Monday, 9 October 2017
Paranormal Activity: The Lost Soul (2017) - Horror Video Game Review (PSVR)
If you had asked me before yesterday the last time I had taken some decent time to play PSVR I wouldn't have been able to tell you. It was my favourite purchase of 2016 and I had some great times with it at the start of 2017 with Resident Evil VII: Biohazard but I had come to think of it as being pretty poor. In my head it was a let down. However I decided to give Paranormal Activity: The Lost Soul a go as I had brought it when it first came out a few months back, but only tried it for around 10 minutes. I'm really glad I did give this another whirl as it reminded me how damn good PSVR actually is with an immersive and genuinely terrifying experience.
In the game you play as an unnamed person arriving at night at what appears to be a typical American house. Finding the key you let yourself in but it isn't long before you discover something isn't right at all, a demonic force is prowling the place and hunting both you, and a mysterious girl you find. Armed with a spell book you discover you must explore the house, finding the required items that will hopefully expel the dark evil...
So this falls into the 'walking simulator' of game types in that your avatar is totally helpless in terms of being able to defend themselves. You explore the large house with events happening that lead to new areas opening up. Along the way you find keys, letters, and key items, as well as cassette tapes that both shed more light on what has occurred and help you try and achieve your goal. While a lot of the environment can be interacted with, such as opening drawers and doors a lot also can't be interacted with, more often than not you will find your disembodied hands vanishing into the furniture. I got around this immersion altering fact by saying in my head that was just part of the spooky goings on. Less so is that while some doors can be interacted with (either making a locked noise or actually being able to be opened) there are some that just appear to be set dressing with no interaction at all. The controls are awkward in that you use the ever not perfect move controllers, thankfully there isn't the hateful teleporting to move around, instead you use the face buttons to move forward and backward, while you can turn incrementally to the sides. I really wish there had been the option to move around without the weird incremental turn thing.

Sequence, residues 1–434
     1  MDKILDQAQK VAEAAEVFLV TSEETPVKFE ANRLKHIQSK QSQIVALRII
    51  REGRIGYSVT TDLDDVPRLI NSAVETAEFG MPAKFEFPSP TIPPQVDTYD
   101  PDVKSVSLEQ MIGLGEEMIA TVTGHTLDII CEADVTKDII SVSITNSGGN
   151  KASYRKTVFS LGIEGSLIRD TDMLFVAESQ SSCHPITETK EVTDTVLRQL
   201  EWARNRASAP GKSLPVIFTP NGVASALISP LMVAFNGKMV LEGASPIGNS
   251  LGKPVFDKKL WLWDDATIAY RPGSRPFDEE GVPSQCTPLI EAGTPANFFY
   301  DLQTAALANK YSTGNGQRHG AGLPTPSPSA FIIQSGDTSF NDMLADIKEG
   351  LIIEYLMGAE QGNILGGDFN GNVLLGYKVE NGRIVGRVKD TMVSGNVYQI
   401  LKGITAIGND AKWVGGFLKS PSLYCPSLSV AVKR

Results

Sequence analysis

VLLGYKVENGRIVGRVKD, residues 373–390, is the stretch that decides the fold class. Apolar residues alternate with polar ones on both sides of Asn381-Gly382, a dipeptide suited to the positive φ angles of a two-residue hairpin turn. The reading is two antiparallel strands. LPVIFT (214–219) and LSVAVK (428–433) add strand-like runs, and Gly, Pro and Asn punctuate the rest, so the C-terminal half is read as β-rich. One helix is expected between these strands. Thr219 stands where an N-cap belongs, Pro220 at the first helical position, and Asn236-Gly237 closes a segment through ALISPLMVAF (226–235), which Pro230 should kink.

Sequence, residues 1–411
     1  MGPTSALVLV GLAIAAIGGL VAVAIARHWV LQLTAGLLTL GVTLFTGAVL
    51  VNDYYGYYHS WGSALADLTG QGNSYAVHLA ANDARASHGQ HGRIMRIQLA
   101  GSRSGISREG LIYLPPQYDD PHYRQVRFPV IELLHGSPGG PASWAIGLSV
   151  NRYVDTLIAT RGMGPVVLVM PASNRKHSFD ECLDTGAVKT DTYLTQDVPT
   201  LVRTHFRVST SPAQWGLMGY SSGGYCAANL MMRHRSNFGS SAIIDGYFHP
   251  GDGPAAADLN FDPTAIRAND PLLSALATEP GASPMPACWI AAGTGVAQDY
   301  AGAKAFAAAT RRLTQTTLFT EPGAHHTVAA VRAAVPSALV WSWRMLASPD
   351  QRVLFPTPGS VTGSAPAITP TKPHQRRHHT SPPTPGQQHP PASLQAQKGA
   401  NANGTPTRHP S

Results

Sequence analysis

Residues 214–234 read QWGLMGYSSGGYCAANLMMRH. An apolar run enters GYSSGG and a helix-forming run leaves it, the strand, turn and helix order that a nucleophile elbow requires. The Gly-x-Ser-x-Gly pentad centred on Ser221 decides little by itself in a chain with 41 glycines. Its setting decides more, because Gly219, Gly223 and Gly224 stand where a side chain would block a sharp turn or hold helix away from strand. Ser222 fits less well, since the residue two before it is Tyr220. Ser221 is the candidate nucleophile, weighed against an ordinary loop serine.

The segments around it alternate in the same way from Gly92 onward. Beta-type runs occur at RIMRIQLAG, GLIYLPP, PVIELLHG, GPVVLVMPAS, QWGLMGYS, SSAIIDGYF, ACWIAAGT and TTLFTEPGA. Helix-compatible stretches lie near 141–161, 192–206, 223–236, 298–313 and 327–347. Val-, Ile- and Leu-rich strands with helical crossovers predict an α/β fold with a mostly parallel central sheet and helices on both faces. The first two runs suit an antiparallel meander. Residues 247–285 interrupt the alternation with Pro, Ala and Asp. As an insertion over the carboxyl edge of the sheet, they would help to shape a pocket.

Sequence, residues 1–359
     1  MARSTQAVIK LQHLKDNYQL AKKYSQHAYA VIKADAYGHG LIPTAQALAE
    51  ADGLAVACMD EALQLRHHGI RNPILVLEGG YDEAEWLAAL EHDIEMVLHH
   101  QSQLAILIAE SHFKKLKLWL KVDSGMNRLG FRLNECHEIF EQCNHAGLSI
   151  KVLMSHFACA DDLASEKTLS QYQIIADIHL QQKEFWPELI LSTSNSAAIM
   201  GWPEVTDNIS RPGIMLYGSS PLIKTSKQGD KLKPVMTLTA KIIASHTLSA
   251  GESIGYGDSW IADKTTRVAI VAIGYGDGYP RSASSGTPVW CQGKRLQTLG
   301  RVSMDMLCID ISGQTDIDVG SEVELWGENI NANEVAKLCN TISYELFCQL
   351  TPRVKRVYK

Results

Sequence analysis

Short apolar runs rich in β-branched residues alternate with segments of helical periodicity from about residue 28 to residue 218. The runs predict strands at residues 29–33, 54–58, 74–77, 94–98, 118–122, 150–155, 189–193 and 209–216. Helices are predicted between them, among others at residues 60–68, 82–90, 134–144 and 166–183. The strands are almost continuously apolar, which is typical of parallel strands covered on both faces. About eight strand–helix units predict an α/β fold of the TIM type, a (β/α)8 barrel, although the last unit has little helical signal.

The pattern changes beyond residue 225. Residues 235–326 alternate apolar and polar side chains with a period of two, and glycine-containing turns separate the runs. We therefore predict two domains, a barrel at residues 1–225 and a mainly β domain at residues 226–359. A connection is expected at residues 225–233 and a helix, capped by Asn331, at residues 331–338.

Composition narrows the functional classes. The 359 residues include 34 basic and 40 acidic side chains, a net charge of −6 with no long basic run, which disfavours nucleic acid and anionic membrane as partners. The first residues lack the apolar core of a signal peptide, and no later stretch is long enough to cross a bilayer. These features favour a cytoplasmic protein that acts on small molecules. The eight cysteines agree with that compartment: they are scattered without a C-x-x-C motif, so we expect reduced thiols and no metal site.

The house is well detailed to the point that I did feel like I was actually exploring a real place. There are no end of spooky rooms to go through, including a playroom, a child's bedroom, a secret cellar, dusty attic and more. Simply walking around the property is fear inducing, though it helped the first hour I played it was past midnight in the real world so everything had me on edge more. Even the next day playing it in daylight I was really scared at times, though the ever present dread wasn't so prevalent as it became obvious when you were not in the right location as nothing untoward would happen. That was a problem at times as the game part is literally a scavenger hunt, looking for objects dotted around the place, a couple of these I had no end of trouble finding. It's hard to complain about getting lost as there is no HUD and this adds immensely to the experience, but the lack of even a pause screen made it hard to work out when the game had saved. You are armed with a torch for much of the game which is essential for mitigating some of the darkness, it is a battery hungry beast but thankfully there are plenty hidden around. later on your faithful light bringer also gets a U.V light attachment that was a neat addition.